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Legal education has changed considerably since Hutchins Hall opened on the Law Quad in 1933, as have the educational requirements of a top law school such as Michigan. Today's law students take a greater number of small classes, have much more interaction with each other and with actual clients in supervised clinical settings, and draw heavily on technology. A new four-story academic and administrative building will meet these needs, in addition to providing more space for a student body that has more than doubled—and a law faculty that has more than quadrupled—since the last time the Law School added classroom space. About the same size as Hutchins Hall, the new building houses classrooms, clinics, student services, multipurpose spaces, and faculty and staff offices.
Ground was broken for South Hall, the new academic building, during the Law School's Sesquicentennial Celebration weekend in September 2009. The area across Monroe Street and south of the Quad now houses a 100,000-square-foot structure with Collegiate Gothic–style architecture similar to that of the Law Quad, and, like the other Quad buildings, clad in stone and roofed in slate.
The new academic building, as seen from Monroe Street.
Hartman-Cox Architects of Washington, D.C., working in association with Troy, Michigan–based Integrated Design Solutions, designed the structure. Hartman-Cox Architects' extensive portfolio includes many Collegiate Gothic buildings, and Integrated Design Solutions has worked on many buildings on the University of Michigan campus.
This new addition to the Law School map complements a robust curriculum. Student attorneys in the renowned clinical law program now have a professional setting in which to serve clients. More classroom spaces, of varying sizes and fully equipped technologically, provide enhanced learning environments for a variety of classes. Common areas with functional gathering spaces reinforce Michigan Law's collegial atmosphere; they accommodate student organizations on the Quad and offer more places for social interaction. Finally, faculty and staff have contemporary workspaces that meet their current needs.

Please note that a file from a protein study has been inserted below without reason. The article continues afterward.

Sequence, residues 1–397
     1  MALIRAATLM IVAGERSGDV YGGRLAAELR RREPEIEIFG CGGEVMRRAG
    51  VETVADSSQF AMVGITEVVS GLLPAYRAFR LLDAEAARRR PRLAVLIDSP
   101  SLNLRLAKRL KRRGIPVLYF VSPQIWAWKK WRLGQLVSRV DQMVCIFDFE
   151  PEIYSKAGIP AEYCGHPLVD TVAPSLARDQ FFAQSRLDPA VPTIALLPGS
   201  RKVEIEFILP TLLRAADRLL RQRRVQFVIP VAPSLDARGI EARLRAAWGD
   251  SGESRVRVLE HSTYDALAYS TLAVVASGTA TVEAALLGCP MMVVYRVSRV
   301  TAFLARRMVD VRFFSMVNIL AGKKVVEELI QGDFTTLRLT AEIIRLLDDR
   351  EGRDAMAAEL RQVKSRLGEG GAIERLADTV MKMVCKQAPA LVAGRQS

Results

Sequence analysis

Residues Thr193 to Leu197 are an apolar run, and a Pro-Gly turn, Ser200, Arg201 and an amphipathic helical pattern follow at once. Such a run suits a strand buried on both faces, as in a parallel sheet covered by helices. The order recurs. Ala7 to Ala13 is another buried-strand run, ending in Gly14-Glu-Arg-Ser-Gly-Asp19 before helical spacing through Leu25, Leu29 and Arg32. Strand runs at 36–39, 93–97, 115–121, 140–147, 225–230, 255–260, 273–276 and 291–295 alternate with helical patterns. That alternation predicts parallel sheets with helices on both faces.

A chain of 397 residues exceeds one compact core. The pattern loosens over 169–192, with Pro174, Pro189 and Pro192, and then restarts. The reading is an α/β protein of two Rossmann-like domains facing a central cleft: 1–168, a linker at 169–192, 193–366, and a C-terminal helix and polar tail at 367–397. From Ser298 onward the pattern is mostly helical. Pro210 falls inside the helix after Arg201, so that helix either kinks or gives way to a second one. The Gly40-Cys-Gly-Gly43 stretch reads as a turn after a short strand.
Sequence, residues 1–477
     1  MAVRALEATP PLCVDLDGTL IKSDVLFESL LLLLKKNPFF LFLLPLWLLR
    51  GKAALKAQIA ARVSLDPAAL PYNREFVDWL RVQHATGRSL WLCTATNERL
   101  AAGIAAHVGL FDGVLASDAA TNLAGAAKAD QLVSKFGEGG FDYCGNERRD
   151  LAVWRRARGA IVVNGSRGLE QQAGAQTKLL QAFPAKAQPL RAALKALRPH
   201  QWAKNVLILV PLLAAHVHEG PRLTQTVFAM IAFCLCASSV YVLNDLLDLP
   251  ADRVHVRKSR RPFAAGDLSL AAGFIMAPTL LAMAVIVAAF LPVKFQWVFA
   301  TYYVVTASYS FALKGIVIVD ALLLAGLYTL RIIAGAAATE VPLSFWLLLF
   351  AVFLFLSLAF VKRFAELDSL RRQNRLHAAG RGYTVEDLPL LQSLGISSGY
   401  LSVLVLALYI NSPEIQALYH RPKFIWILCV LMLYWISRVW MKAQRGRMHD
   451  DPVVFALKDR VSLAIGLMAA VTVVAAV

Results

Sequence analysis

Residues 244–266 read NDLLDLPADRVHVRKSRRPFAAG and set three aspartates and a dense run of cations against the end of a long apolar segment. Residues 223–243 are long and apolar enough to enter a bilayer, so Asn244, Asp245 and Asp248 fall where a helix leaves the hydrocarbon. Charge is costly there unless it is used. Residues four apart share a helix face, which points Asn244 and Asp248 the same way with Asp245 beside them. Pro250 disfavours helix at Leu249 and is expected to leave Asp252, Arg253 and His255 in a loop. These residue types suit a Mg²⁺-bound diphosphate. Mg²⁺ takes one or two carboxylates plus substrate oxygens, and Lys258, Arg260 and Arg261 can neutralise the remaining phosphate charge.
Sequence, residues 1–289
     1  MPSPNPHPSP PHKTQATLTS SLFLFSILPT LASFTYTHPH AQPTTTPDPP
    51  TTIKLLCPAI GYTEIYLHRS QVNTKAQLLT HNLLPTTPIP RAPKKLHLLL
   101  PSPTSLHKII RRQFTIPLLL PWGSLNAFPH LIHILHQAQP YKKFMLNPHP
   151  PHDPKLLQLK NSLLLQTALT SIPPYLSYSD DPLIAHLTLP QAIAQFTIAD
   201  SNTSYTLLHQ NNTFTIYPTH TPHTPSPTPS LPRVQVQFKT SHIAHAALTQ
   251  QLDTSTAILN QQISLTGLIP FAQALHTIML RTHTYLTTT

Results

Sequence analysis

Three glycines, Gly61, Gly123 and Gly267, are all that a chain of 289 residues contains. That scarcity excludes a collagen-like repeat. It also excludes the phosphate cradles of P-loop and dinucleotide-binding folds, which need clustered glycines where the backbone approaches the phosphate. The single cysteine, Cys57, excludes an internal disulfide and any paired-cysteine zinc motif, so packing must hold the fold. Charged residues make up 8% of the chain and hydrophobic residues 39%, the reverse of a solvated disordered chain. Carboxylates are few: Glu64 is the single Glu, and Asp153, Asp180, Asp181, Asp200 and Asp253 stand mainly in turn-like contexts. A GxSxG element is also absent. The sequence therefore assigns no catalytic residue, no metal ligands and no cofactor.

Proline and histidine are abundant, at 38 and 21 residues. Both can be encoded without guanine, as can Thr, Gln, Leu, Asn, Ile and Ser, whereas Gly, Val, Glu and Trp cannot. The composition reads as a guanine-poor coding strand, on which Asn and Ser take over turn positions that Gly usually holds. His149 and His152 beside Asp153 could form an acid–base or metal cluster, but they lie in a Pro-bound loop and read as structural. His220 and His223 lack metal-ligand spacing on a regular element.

Robert B. Aikens CommonsThe two-level Robert B. Aikens Commons officially opened September 7, 2011. The space occupies a formerly unused grassy area between Hutchins Hall and the Legal Research Building. The 16,000-square-foot structure features a glass and steel roof, and maintain views of the picturesque stone walls and leaded glass windows that surround it.
The Robert B. Aikens Commons.
The vibrant new heart of the Quad, Aikens Commons includes a main floor with a café and a variety of seating options, and a lower level designed to facilitate student meetings and study groups.
For renderings of the finished spaces and images of the construction, check out the Construction Multimedia page.
A New FaceOne last, but significant, piece of the overall construction project was to remove the incongruous gray metal siding covering parts of the Legal Research Building, and reclad these areas with a stone facing that blended with the rest of the building.
Cost of the expansion and renovation project is being funded through a partnership between the University and the Law School, with private donors contributing the majority of the funds.
"We welcome these additions to our historic and magnificent Law Quad," said Evan Caminker, dean of the Law School. "When these new buildings are completed, they will help Michigan Law lead the field of legal education for another 150 years."
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